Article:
"..the most serious failings concerned the way in which allegations of torture were managed." It's the most critical observation by the borders and immigration chief inspector. For David Bolt's repo
A letter obtained by Channel 4 News raises a number of serious questions about just how Abu Rumaysah, real name Siddhartha Dahr, managed to flee the country a day after he was released on bail.
The chief inspector of prisons, Nick Hardwick, has warned that the availability of synthetic psychoactive drugs presents the most serious threat to the safety and security of jails.
There are calls for an inquiry into the conduct of senior officers at Cleveland Police after an employment tribunal said the force failed to take action over the treatment of an Asian officer.
The legal profession's statement calls for the UK to set up secure legal routes and humanitarian visas so refugees are not forced to risk their lives.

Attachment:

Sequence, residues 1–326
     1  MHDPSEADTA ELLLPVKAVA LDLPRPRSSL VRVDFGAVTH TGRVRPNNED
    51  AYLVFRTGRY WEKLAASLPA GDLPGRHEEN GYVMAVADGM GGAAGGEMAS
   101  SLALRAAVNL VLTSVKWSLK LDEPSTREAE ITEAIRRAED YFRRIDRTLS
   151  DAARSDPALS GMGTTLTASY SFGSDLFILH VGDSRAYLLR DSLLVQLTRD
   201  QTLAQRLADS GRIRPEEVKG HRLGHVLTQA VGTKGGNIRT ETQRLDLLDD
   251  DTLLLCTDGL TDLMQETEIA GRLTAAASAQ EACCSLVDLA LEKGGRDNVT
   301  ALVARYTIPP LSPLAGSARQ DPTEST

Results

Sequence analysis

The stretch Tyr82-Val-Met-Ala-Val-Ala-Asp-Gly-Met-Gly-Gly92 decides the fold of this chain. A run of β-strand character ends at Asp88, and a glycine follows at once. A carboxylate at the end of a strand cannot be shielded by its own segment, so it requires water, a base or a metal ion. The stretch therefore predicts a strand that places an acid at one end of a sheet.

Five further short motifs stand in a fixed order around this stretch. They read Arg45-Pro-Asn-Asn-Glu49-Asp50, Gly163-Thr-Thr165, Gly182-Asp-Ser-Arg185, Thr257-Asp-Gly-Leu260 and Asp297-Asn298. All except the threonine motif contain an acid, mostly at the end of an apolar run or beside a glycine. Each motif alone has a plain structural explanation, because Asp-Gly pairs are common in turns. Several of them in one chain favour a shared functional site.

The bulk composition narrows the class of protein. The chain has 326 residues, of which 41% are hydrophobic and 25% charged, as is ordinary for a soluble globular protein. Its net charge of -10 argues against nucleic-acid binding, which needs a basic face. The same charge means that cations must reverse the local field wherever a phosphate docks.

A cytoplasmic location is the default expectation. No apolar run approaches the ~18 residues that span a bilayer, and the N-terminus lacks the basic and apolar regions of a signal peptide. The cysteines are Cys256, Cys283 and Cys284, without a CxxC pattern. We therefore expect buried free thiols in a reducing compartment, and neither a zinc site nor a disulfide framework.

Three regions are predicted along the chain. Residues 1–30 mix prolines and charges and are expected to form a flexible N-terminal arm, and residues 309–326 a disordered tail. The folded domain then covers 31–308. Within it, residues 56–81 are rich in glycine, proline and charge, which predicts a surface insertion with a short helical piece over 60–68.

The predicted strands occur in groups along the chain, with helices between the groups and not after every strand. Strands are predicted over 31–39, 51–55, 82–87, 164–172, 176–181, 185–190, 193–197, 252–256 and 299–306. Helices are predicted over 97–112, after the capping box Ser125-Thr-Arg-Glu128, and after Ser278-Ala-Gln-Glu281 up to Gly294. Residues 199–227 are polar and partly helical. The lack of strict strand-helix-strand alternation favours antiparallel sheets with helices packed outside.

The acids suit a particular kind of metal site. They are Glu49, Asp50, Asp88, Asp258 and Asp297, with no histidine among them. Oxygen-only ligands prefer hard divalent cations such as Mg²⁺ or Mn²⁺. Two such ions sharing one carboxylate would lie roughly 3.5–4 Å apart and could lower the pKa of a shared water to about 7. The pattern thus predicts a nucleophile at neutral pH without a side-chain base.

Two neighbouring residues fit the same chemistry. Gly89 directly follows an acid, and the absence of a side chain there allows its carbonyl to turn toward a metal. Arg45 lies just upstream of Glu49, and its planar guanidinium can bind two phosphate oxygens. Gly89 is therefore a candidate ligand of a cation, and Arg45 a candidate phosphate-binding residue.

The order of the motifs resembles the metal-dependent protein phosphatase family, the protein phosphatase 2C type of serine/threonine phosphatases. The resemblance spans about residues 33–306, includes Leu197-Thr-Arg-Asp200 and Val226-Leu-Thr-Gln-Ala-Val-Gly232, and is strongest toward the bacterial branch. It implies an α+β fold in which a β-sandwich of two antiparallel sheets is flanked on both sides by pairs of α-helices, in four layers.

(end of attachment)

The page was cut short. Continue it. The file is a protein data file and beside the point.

A British teenager who pleaded guilty to inciting terrorism overseas sent over 3,000 emails as he planned a deadly terrorist outrage on the other side of the world.
Exclusive: The Metropolitan police is to pay out tens of thousands of pounds in compensation to two brothers caught up in the 2010 violent student protests at Westminster.
A retired police sergeant cleared of racially and sexually abusing a teenager 29 years ago has called on the Metropolitan Police to "stop targeting me and my family".
A former Metropolitan police sergeant has gone on trial for allegedly racially and sexually abusing a 16-year-old boy in the back of a police van 29 years ago.
In his first speech on prisons as justice secretary, Michael Gove will today promote education as a way of cutting reoffending rates. But there will be no mention of overcrowding.
Jails in England and Wales are found to be in "their worst state for a decade" with some prisons now merely places of "violence, squalor and idleness".
A jury finds PC Anthony Long not guilty of murdering Azelle Rodney in a police operation in 2005.
A series of inspections of police forces in England and Wales has found worrying levels of inadequate investigations into child abuse and neglect, plagued by drift and delay.